When Monroe County held a nonbinding referendum last year on whether to allow the experimental release of genetically modified mosquitoes, most voters said yes.
This was as the mosquito-borne Zika crisis was exploding. The Food and Drug Administration had already started to clear the way for the field trial.
But residents of Key Haven--the proposed site of the mosquito control experiment--voted against it. And the company that breeds the mosquitoes started looking for another site.
Now, scientists are trying to understand how public opposition to genetically modified mosquitoes was able to sway the proposed research in the Keys.
Read more: Key Haven Residents Oppose GMO Mosquito Test
“Scientists haven’t traditionally engaged the public and put themselves out on the line in terms of trying to shape policy,” says the University of Miami’s Dr. Justin Stoler, who was one of the authors of "Public Response to a Proposed Field Trial of Genetically Engineered Mosquitoes in the United States," published in this week’s Journal of the American Medical Association.
Stoler and collaborators at the University of California analyzed thousands of public comments sent to the FDA last year about the mosquito trials. They found three quarters of the responses opposed the release of the mosquitoes--the most ardent reasons had to do with a general mistrust in science and in the government.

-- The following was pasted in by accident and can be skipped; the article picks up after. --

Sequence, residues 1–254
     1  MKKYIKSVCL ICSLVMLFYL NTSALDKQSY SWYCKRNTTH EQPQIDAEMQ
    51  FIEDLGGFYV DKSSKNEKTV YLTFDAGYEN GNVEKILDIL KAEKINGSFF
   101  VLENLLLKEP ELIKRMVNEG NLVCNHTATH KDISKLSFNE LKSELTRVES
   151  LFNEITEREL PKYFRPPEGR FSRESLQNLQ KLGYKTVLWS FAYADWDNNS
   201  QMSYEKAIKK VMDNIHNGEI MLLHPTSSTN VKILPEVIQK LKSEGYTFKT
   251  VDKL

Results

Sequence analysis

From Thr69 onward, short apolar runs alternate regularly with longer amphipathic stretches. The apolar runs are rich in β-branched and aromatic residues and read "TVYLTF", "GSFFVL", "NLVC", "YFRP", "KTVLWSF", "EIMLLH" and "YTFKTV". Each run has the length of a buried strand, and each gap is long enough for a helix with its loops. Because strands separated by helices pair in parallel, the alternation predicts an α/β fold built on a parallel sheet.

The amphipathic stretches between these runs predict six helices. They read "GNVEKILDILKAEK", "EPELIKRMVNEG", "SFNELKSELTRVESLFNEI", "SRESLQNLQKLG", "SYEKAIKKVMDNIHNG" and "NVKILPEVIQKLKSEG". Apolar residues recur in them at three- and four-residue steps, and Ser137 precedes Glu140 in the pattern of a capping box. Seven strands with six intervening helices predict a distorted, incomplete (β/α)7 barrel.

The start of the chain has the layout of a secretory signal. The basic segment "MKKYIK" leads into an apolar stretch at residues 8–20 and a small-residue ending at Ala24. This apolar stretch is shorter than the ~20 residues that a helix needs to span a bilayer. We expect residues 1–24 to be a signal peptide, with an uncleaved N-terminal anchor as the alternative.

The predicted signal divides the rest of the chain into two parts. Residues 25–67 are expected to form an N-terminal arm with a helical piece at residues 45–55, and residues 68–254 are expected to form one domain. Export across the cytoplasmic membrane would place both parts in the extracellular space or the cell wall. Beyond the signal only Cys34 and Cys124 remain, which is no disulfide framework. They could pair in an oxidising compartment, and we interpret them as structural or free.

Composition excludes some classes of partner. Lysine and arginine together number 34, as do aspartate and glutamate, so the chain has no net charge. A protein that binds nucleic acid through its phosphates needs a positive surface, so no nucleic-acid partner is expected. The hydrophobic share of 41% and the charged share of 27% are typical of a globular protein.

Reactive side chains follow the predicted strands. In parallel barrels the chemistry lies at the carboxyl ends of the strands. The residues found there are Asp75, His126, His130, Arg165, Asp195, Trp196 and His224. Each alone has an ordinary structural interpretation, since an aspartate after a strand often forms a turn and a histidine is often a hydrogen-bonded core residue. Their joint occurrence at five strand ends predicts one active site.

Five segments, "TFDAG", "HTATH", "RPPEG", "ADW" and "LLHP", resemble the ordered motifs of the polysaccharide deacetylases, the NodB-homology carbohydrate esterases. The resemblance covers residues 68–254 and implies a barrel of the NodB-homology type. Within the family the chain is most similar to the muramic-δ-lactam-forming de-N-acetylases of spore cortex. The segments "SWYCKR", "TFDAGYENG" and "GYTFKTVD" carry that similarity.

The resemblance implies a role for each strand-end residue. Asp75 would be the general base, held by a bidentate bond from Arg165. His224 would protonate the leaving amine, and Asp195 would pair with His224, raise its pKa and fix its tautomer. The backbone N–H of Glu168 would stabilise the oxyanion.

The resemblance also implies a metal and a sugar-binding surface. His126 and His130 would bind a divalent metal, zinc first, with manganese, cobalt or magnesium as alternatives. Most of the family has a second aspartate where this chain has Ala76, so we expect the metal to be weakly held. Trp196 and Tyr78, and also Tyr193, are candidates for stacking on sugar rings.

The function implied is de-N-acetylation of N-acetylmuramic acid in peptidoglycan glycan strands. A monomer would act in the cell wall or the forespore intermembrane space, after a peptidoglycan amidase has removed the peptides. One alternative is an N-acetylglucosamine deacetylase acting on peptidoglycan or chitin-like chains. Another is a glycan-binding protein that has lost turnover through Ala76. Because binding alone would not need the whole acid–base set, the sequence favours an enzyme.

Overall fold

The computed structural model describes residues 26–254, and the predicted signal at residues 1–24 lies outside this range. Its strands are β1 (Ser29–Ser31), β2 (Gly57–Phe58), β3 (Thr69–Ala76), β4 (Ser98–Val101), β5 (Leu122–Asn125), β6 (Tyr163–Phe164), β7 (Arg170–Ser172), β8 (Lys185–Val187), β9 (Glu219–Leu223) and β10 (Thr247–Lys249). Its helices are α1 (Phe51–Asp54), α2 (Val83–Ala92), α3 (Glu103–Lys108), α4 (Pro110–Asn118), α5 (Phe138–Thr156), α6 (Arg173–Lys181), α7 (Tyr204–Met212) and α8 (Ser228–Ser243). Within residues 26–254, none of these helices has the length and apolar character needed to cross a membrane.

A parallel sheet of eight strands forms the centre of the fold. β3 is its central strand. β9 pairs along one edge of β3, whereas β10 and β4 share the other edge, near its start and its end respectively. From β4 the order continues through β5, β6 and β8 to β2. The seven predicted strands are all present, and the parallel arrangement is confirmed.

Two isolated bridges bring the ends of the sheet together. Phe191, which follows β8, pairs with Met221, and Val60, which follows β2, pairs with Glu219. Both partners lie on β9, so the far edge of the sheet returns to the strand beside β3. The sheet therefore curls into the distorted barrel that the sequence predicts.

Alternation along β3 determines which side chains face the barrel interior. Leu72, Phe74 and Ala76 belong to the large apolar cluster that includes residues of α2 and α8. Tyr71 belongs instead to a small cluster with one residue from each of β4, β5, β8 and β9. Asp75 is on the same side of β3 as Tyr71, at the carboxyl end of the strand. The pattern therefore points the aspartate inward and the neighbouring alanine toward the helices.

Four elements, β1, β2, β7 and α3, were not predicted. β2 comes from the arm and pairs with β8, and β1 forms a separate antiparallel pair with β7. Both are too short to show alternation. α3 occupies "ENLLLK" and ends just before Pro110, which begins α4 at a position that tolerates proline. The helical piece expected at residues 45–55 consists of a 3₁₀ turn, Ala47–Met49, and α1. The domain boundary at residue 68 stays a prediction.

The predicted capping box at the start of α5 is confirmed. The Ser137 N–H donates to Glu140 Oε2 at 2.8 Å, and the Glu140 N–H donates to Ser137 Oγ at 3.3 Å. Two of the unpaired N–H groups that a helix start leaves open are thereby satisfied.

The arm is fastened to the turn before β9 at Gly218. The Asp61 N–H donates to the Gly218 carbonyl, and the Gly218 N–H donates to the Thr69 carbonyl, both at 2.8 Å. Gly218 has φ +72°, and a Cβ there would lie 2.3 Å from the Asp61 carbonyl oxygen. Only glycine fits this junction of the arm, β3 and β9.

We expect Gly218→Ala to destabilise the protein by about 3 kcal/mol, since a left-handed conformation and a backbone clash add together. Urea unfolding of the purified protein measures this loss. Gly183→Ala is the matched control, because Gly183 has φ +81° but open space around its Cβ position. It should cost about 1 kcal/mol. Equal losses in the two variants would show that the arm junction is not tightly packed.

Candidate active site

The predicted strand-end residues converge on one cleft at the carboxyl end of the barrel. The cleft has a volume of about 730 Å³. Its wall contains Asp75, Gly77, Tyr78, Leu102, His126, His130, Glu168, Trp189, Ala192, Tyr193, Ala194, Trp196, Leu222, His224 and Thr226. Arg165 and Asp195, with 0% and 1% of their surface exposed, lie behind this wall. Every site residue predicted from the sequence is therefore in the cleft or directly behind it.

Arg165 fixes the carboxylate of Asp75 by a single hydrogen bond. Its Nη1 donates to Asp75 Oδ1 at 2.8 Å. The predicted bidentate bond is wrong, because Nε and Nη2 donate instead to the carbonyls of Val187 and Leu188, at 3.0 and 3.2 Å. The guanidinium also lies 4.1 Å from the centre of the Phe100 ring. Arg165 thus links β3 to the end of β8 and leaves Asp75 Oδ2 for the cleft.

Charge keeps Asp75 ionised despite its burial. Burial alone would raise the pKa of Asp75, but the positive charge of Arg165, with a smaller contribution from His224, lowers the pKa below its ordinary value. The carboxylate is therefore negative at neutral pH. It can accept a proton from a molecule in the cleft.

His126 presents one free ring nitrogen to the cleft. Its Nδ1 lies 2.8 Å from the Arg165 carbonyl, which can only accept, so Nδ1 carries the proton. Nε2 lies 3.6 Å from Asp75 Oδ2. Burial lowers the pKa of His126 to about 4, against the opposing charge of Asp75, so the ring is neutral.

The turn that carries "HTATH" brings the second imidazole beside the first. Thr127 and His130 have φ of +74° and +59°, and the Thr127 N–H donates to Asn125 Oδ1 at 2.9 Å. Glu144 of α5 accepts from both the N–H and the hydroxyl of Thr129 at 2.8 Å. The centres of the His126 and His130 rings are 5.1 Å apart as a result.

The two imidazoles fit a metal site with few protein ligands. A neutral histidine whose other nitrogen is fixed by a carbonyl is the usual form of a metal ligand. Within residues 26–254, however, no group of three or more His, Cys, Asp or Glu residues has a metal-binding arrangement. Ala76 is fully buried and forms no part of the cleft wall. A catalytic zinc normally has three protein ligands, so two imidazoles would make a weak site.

The supporters of the trial were more likely to point to the potential benefits to human health. And they were more likely to have higher levels of education.
Stoler hopes the findings can start a conversation among scientists, especially as new technologies like gene editing show promise for public health.
“One of the things we’re most interested in is looking at the key issue of how you manage informed consent for these types of environmental interventions,” says Stoler. “How do we approach these environmental interventions, work with communities—especially where there’s some type of new science or technology being deployed that the average person doesn’t necessarily understand—and make that approachable for the general public and be able to get their support so that those vocal minorities don’t stand in the way?”